August 27 Devotional (2021)

 “And as soon as he came near the camp and saw the calf and the dancing, Moses’ anger burned hot, and he threw the tablets out of his hands and broke them at the foot of the mountain.”

August 27, 2021
Ordinary Time

Today’s Readings:    Exodus 32:15-35 /“To hallow the name of God” by Jean-Pierre de Caussade / James 1:9-16


A prayer inspired by St. Monica, Mother of Augustine of Hippo, who we remember on August 27th

O Lord, who through spiritual discipline didst strengthen thy Servant Monnica to persevere in offering her love and prayers and tears for the conversion of her husband and of Augustine their son: Deepen our devotion, we beseech thee, and use us in accordance with thy will to bring others, even our own kindred, to acknowledge Jesus Christ as Savior and Lord; who with thee and the Holy Spirit liveth and reigneth, one God, for ever and ever. Amen.


Invitatory 

Come, O child of God. Come and drink from the well of God’s Word. Refresh your soul, revive your mind, renew your hope. 

Opening Prayer

O God, guide us on the sea of our life. Lead us, over the waves of uncertainty. Protect us  from the depths we cannot see. Guide us with the wind of your Holy Spirit. So through you we set our course and in you we find our purpose and our peace. In Jesus name, Amen. [1]

Hymn

“I want to walk as a child of the light”

By Kathleen Thomerson

Lyrics:

I want to walk as a child of the light

I want to follow Jesus

God sent the stars to give light to the world

The star of my life is Jesus

In Him, there is no darkness at all

The night and the day are both alike

The Lamb is the light of the city of God

Shine in my heart, Lord Jesus

I want to see the brightness of God

I want to look at Jesus

Clear sun of righteousness, shine on my path

And show me the way to the Father

In Him, there is no darkness at all

The night and the day are both alike

The Lamb is the light of the city of God

Shine in my heart, Lord Jesus

I’m looking for the coming of Christ

I want to be with Jesus

When we have run with patience the race

We shall know the joy of Jesus

In Him, there is no darkness at all

The night and the day are both alike

The Lamb is the light of the city of God

Shine in my heart, Lord Jesus [2]


Morning Lorica

Lorica of Leyden, possibly 7th century

“Lorica” was originally the word for a breastplate that a Roman soldier would wear. Loricas were prayers for protection—sometimes praying for protection from every angle, or protection for every part of the body.” [3]

The following is “a shortened, paraphrased translation of the Lorica of Leyden. Like the Lorica of Mugron above, the original goes into much greater detail than “arms, legs, hands, feet, etc.” It also has a section that charges the saints, the angels of heaven and the forces of nature to ‘cleanse my heart for the love of God.’” [4]

O Lord, hear me until the end.

Let your love descend upon all my members.

Search my members for your love,

from the top of my head to the soles of my feet,

arms, legs, hands, feet, front, back, fingers, toes. …

God, search me, and cleanse my heart for your love.

– Lorica of Leyden, possibly 7th century, condensed [5]

Short Verse

The LORD is gracious and full of compassion,* slow to anger and of great kindness. The LORD is loving to everyone* and his compassion is over all his works.

Psalm 145:8-9
“The Golden Calf”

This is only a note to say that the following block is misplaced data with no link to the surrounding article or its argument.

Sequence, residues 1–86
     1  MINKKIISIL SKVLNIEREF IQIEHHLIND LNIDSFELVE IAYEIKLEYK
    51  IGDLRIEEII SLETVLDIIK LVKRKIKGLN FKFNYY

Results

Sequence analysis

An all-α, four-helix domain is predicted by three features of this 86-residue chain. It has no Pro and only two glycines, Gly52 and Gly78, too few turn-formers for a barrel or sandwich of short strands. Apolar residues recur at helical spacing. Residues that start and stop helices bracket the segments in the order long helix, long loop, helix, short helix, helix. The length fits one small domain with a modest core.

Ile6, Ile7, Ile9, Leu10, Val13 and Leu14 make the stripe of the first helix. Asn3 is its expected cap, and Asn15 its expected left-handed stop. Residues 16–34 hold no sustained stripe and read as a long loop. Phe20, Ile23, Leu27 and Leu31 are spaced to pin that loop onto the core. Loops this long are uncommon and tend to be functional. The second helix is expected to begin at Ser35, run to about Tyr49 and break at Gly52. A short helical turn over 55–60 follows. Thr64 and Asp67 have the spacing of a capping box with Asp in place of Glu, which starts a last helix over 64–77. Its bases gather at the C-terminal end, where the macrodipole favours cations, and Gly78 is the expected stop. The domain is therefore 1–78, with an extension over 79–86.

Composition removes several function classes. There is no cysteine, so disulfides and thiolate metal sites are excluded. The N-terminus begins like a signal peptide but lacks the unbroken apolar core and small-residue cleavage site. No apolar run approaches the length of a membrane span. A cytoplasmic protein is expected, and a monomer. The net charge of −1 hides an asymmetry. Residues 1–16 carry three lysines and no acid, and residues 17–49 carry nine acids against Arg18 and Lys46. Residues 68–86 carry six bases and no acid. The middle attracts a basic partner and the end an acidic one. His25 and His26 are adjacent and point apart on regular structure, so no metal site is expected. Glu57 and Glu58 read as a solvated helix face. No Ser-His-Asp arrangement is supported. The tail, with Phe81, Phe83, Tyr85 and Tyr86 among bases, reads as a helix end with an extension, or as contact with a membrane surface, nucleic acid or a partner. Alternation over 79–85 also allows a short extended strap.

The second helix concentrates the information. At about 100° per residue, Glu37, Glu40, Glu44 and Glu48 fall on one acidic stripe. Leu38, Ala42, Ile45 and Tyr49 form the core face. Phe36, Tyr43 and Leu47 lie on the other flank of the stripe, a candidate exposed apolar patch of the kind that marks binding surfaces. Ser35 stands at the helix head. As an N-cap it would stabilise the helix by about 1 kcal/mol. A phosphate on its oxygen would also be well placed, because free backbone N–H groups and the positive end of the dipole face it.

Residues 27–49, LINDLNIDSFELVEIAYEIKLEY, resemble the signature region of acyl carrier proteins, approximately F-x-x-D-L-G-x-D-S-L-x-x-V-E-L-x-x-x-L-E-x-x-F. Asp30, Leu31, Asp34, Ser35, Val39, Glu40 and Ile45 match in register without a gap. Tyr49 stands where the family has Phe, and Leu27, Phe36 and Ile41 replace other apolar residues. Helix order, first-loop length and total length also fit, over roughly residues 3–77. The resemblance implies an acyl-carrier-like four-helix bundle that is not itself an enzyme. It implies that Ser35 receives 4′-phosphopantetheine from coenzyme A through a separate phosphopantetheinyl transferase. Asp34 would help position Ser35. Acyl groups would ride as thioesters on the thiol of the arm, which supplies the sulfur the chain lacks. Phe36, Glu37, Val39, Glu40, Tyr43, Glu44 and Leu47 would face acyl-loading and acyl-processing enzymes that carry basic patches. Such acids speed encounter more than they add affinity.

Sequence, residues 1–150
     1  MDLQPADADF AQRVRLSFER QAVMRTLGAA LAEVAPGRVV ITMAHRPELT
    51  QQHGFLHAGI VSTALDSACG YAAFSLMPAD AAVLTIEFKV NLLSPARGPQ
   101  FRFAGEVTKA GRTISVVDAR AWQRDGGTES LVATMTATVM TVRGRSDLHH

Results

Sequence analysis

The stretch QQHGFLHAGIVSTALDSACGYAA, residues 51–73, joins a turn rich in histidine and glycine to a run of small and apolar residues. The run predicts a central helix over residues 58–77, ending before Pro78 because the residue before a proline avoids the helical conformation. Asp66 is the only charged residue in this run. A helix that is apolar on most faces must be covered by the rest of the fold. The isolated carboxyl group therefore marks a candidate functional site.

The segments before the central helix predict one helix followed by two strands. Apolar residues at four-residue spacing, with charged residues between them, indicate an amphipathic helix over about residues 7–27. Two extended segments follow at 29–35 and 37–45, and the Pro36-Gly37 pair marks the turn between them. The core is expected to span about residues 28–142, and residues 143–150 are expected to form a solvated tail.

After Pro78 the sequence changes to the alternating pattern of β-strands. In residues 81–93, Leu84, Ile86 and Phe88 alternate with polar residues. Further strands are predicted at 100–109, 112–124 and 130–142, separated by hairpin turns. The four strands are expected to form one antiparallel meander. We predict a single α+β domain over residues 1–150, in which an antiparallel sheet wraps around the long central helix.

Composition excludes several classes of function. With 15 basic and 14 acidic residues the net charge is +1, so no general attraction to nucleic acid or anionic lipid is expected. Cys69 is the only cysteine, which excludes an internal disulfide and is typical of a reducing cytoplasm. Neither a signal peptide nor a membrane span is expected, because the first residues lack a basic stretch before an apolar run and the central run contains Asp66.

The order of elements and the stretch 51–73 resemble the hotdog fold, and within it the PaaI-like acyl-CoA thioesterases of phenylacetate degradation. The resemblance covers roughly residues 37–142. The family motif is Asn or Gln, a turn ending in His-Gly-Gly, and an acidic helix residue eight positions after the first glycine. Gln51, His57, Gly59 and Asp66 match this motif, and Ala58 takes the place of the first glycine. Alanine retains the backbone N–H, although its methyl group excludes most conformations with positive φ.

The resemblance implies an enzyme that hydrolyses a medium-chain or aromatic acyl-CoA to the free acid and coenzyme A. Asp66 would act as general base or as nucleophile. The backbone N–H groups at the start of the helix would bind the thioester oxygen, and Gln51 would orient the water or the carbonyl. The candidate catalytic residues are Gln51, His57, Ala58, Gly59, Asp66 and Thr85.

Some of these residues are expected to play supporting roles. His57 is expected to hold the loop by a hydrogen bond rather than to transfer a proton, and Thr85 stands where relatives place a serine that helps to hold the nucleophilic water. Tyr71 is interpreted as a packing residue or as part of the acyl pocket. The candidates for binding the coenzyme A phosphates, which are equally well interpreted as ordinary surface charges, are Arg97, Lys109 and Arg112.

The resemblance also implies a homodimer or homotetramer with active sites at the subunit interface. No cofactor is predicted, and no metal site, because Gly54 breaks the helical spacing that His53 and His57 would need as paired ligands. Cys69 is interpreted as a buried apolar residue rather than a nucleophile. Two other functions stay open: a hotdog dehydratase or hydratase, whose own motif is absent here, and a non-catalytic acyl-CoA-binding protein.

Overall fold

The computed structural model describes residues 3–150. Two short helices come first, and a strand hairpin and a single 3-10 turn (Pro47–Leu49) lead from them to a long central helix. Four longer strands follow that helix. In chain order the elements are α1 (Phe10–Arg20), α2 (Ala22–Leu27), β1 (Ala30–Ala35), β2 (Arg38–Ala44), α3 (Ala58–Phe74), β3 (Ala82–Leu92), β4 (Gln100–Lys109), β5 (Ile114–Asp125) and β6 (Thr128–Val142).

(image source)

Morning Reading: Exodus 32:15-35

Moses punishes the Israelites’ evil

15 Then Moses turned and went down from the mountain with the two tablets of the testimony in his hand, tablets that were written on both sides; on the front and on the back they were written. 16 The tablets were the work of God, and the writing was the writing of God, engraved on the tablets. 17 When Joshua heard the noise of the people as they shouted, he said to Moses, “There is a noise of war in the camp.” 18 But he said, “It is not the sound of shouting for victory, or the sound of the cry of defeat, but the sound of singing that I hear.” 19 And as soon as he came near the camp and saw the calf and the dancing, Moses’ anger burned hot, and he threw the tablets out of his hands and broke them at the foot of the mountain. 20 He took the calf that they had made and burned it with fire and ground it to powder and scattered it on the water and made the people of Israel drink it.

21 And Moses said to Aaron, “What did this people do to you that you have brought such a great sin upon them?” 22 And Aaron said, “Let not the anger of my lord burn hot. You know the people, that they are set on evil. 23 For they said to me, ‘Make us gods who shall go before us. As for this Moses, the man who brought us up out of the land of Egypt, we do not know what has become of him.’ 24 So I said to them, ‘Let any who have gold take it off.’ So they gave it to me, and I threw it into the fire, and out came this calf.”

25 And when Moses saw that the people had broken loose (for Aaron had let them break loose, to the derision of their enemies), 26 then Moses stood in the gate of the camp and said, “Who is on the LORD’s side? Come to me.” And all the sons of Levi gathered around him. 27 And he said to them, “Thus says the LORD God of Israel, ‘Put your sword on your side each of you, and go to and fro from gate to gate throughout the camp, and each of you kill his brother and his companion and his neighbor.’” 28 And the sons of Levi did according to the word of Moses. And that day about three thousand men of the people fell. 29 And Moses said, “Today you have been ordained for the service of the LORD, each one at the cost of his son and of his brother, so that he might bestow a blessing upon you this day.”